Friday, June 15, 2012

Hippie in a Hypnotic Place and Time: Songs that Made Sense

Early Fleetwood Mac: Bob Welch, Mick Fleetwood, (back row), John McVie and Christine McVie

“It’s the same kind of story that seems to come down from long ago...”

With news of Bob Welch’s death last week, I was transported back to 1974. That’s when I first heard his former band, Fleetwood Mac, while living in the theoretically sleepy Vermont village of Huntington Center with my young daughter Jennie and a part-collie named Red Cloud. Our small red cabin in the woods was up a steep, twisting dirt road at the foot of a 4,083-foot-high mountain called Camel’s Hump. Local people were wary then of counterculture types, like me, who came to the area seeking a back-to-the-land existence in their midst. Undaunted, we newcomers were busy letting our freak flags fly, in the parlance of the 1960s.

First, Jennie and I planted a circular vegetable garden intended to evoke the shape of a yin-yang sign. I was always consulting the I Ching, so everything around me simply had to be fraught with relevant symbolism. As someone who had grown up in cities and suburbs, I also was keen on exploring nature and began to examine every weed in bloom around the cabin. With a newly purchased wildflower guide and a compendium of medicinal herbs, I was able to identify each plant before determining if it had any healing properties. Bunches of them were soon hanging from a rough-hewn wooden beam in my rustic kitchen.

Herbs hung up to dry
Before long, I was experimenting on friends. Got a headache? I would happily pinch off a few dried comfrey leaves to brew a strong tea, watching with immense satisfaction as the patient/victim sipped the foul-tasting concoction, tempered only by a spoonful of honey. After a while, visitors would deny their ailments rather than submit to my bitter cures. Undeterred, I plunged onward through the herbal frontier. The same friends who feigned good health to avoid my potions were sometimes a bit superstitious. One guy surveyed the dangling herbs in the kitchen. "Be careful or the townsfolk might burn you as a witch," he advised, arching an eyebrow as if he half-believed it himself.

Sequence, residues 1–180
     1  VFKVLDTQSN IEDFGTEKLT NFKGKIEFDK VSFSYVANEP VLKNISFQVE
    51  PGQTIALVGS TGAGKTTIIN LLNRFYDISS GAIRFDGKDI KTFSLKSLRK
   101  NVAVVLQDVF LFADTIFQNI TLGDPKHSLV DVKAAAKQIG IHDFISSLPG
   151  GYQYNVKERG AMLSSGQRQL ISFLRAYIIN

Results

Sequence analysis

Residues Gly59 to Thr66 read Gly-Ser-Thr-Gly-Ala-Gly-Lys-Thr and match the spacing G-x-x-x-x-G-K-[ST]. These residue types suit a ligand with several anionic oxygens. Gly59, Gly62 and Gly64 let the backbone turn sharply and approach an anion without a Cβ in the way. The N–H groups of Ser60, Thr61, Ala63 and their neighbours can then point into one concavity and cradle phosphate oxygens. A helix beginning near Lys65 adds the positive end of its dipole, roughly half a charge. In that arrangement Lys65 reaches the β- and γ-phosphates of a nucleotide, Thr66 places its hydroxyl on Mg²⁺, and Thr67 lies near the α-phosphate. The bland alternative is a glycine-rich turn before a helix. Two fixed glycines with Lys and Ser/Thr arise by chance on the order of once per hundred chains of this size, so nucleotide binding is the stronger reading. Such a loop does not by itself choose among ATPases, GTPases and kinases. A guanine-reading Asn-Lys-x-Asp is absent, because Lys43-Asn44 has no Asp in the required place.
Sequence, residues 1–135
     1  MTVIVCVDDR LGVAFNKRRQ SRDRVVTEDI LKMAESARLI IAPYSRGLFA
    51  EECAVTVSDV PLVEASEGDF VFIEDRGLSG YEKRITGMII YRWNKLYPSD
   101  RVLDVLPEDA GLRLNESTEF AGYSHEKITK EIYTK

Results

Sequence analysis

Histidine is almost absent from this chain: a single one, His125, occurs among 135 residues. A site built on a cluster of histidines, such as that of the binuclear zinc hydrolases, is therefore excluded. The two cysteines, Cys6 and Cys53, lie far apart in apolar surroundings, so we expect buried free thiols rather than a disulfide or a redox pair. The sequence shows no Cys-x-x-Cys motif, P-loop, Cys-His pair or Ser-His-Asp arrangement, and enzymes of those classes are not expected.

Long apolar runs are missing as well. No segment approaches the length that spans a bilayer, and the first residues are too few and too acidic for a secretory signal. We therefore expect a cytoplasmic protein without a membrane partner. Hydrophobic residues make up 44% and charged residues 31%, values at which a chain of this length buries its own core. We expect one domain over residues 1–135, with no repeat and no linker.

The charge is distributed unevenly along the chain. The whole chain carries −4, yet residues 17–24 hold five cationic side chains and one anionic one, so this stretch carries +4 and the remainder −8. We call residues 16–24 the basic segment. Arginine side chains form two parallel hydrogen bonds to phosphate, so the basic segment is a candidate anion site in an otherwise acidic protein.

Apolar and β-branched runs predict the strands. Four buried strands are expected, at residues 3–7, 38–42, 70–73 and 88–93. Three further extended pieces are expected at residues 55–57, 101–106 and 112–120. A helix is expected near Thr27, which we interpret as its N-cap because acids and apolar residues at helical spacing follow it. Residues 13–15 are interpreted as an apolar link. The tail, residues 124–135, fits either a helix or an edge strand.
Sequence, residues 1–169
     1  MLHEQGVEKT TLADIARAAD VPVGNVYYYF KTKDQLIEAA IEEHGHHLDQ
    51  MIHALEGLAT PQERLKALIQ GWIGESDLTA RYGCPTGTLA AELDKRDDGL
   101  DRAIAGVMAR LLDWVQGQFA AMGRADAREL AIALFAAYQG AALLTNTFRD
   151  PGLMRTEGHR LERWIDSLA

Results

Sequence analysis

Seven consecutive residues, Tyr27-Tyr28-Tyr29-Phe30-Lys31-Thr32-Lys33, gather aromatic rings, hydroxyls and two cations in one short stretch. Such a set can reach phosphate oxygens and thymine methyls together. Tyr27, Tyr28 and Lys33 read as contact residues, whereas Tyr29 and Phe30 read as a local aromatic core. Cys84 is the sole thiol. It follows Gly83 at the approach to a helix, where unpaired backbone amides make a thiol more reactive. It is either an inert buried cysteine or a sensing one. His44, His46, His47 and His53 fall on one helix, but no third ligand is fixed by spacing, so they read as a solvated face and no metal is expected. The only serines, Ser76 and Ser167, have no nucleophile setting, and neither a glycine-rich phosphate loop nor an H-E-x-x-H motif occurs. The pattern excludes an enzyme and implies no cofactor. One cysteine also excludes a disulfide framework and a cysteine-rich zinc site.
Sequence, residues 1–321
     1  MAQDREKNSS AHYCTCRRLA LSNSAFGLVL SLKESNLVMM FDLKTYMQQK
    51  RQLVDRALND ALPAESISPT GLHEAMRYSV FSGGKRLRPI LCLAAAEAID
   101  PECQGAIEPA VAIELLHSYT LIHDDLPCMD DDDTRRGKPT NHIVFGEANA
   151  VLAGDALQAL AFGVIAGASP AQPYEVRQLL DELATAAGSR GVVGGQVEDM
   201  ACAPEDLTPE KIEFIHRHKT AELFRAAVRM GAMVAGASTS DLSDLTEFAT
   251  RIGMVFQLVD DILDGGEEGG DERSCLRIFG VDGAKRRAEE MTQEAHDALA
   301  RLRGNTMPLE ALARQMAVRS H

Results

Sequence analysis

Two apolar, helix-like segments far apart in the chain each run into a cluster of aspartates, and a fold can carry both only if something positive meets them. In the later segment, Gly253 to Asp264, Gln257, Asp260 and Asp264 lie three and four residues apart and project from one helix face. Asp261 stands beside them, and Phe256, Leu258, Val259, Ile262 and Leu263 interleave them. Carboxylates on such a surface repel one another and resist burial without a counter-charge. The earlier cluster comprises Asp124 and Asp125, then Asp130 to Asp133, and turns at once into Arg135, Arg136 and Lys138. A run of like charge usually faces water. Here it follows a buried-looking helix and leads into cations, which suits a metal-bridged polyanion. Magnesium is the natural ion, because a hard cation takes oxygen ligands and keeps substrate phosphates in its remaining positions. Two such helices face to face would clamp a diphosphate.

Witch or not, I often smoked the most magic weed of all when my daughter was not with me. High much of the time, I couldn't always distinguish between what was real and what was drug-induced. But, beyond any psychedelic, mysticism became a fact of daily life in the vicinity of Camel's Hump, which looks less like a ruminant than a craggy human face gazing up at the sky.
This majestic visage spoke to me late one night via the Live Earl Jive Show on Montreal’s FM radio station CHOM in kind of liturgical chant with organ accompaniment. "Behold the mountain of the Lord," the sylvan deity proclaimed, later commanding: “See that ye do all things according to the pattern shown you on the high mountain."         
Years later, I learned that this dispatch from the heavens actually was a song by the Incredible String Band, a Scottish folk-rock group partial to music with spiritual messages. In those days, FM radio was subversive, geared to offering sounds that would “feed your head,” as Jefferson Airplane defined the spirit of the era in Grace Slick’s “White Rabbit.”

The Live Earl Jive a.k.a. Vaughn Filkins
The other platter frequently spun by Live Earl Jive (Real name: Vaughn Filkins, an alum of the legendary Firesign Theater) that blew my malleable little mind during that time was “Hypnotized,” written and sung by Bob Welch. He later acknowledged that it referred to his interest in the writings of Carlos Castaneda, the reveries of peyote use, astral projection and even alien abductions. The paranormal-themed lyrics are preceded by a long drum intro, then the jazzy propulsion of guitar and keyboards. This haunting melody takes up four minutes and 48 seconds of  Fleetwood Mac’s 1973 album, Mystery To Me, and four decades ago seemed to speak directly to my witchy ways.